The winners of the 2018 Nick Tyrrell Research Prize presented the findings from their paper, ‘Optimal Composition of Hybrid/Blended Real Estate Portfolios’, followed by a panel of experts who will discuss the practical applications of the research ideas.
In deciding how to invest, a fundamental choice is whether to use a range of specialist funds or to rely on others to make decisions about which country or which sector to invest in. This study helps inform this decision by exploring the differences in investment performance between specialist funds and multi country or multi sector funds.
The 2018 Nick Tyrrell Research Prize has been awarded to joint authors Dr Frank Ametefe and Dr Steven Devaney, both of the Henley Business School, University of Reading, with Professor Simon Stevenson of the University of Washington, for their paper, Optimal Composition of Hybrid/Blended Real Estate Portfolios.
In memory of the late Erwin Stouthamer INREV and ANREV each awarded an academic research grant to two leading universities to carry out research on the topics of the real estate illiquidity premium and currency risk. During the seminar Professor Marc Francke from the University of Amsterdam presented highlights of the Real Estate Illiquidity Premiums study, and Nick Mansley from Cambridge University presented findings on the Impact of Currency Risk on the Performance of Asia Pacific non-listed real estate funds.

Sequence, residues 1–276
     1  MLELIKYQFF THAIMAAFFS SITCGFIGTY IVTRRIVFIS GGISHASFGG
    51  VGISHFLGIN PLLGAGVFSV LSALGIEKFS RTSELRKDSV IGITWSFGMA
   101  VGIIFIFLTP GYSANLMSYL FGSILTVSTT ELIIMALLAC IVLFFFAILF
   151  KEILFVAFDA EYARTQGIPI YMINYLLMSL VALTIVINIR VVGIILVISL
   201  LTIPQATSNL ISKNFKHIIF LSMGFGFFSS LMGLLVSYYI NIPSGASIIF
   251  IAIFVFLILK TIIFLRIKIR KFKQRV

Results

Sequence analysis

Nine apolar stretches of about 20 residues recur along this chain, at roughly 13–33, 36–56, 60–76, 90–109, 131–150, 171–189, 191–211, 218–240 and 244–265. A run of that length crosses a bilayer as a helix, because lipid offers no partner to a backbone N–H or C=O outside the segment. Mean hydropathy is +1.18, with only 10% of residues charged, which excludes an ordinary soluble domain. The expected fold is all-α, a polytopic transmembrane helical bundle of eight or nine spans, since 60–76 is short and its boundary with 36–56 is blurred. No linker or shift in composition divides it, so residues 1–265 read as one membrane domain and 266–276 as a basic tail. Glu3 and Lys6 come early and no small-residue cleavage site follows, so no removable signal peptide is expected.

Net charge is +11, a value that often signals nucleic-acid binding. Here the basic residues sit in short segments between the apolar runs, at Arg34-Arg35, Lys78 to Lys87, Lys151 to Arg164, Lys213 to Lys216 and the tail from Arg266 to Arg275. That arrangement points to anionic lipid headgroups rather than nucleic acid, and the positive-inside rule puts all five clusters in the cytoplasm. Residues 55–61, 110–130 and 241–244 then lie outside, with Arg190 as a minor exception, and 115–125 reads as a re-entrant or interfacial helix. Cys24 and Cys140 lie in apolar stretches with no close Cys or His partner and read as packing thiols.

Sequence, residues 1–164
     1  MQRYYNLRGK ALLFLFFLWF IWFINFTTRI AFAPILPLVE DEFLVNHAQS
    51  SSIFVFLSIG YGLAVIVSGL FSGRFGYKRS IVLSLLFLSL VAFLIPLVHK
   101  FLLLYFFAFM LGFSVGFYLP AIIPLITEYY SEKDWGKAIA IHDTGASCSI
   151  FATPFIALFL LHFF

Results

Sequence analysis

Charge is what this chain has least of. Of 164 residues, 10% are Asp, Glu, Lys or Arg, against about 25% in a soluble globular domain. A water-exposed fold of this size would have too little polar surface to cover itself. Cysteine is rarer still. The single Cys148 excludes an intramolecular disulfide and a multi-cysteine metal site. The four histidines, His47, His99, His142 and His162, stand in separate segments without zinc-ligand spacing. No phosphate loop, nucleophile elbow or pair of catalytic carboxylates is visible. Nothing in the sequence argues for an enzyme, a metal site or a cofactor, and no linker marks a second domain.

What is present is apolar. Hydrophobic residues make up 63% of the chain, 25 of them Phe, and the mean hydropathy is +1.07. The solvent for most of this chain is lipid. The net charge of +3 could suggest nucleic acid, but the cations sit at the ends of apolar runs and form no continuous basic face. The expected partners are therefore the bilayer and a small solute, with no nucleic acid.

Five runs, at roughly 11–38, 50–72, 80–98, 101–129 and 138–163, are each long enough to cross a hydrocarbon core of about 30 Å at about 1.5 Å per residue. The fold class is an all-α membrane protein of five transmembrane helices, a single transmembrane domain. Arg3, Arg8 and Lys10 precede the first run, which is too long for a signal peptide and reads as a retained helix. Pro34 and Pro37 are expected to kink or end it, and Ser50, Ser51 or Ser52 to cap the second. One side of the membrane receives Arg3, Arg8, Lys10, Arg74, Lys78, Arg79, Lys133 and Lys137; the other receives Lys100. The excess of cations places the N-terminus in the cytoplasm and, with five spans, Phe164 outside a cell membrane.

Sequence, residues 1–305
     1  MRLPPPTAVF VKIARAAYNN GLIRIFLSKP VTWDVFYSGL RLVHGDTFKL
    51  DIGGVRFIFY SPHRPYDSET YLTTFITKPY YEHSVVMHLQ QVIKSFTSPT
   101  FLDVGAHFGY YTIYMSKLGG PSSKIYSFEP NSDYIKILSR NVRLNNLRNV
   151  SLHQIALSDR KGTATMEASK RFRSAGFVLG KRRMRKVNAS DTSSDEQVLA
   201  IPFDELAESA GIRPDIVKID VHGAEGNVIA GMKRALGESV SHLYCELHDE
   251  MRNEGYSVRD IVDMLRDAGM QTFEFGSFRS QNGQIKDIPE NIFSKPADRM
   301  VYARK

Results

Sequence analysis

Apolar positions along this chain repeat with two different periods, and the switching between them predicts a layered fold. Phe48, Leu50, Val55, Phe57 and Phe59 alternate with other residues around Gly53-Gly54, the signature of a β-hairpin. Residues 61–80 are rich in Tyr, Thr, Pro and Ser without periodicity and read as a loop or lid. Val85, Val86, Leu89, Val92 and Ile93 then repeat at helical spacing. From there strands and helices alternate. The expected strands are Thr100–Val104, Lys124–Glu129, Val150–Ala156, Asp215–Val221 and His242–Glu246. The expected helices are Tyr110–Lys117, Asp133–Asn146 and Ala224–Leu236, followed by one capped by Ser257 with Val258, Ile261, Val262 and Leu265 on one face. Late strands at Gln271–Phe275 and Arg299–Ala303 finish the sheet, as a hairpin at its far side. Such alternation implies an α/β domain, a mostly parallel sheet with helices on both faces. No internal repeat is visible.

INREV, IPF and SPR have awarded the 2017 Nick Tyrrell Research Prize to Dr Avis Devine of the Schulich School of Business at York University, Toronto and Dr Erkan Yonder of Ozyegin University, Istanbul for their paper, ‘Decomposing the Value Effects of Sustainable Real Estate Investment: International Evidence’.
This research examined the significance of currency risk and its management for European non-listed real estate funds in a number of ways.
This research aims to identify risk factors affecting the performance of non-listed real estate funds in Europe, controlling for their specific characteristics.
The non-listed real estate industry has grown considerably over the last decade and with it the interests and needs of market participants. The research objective of this study is to examine the current status and the influence of corporate governance on the volatility and returns of non-listed real estate funds, and seeks to address the following questions:
- How has corporate governance for the non-listed industry changed over the last twenty years?
- How does corporate governance affect fund performance, risk, volatility and capital raising ability?
There is increasing interest to better understand the performance between capital expenditure (cap-ex) and performance.
INREV’s latest academic research shows that high levels of cap-ex tends to have a more positive and significant impact on performance.
There are significant variations in levels of cap-ex, and the impact is greater in the UK and the USA than in Germany and the Netherlands. Offices tend to benefit from cap-ex in Germany and Netherlands, while it is a drag on future performance in the UK and USA.
The research looks at the case of Germany, the Netherlands, the UK and the USA.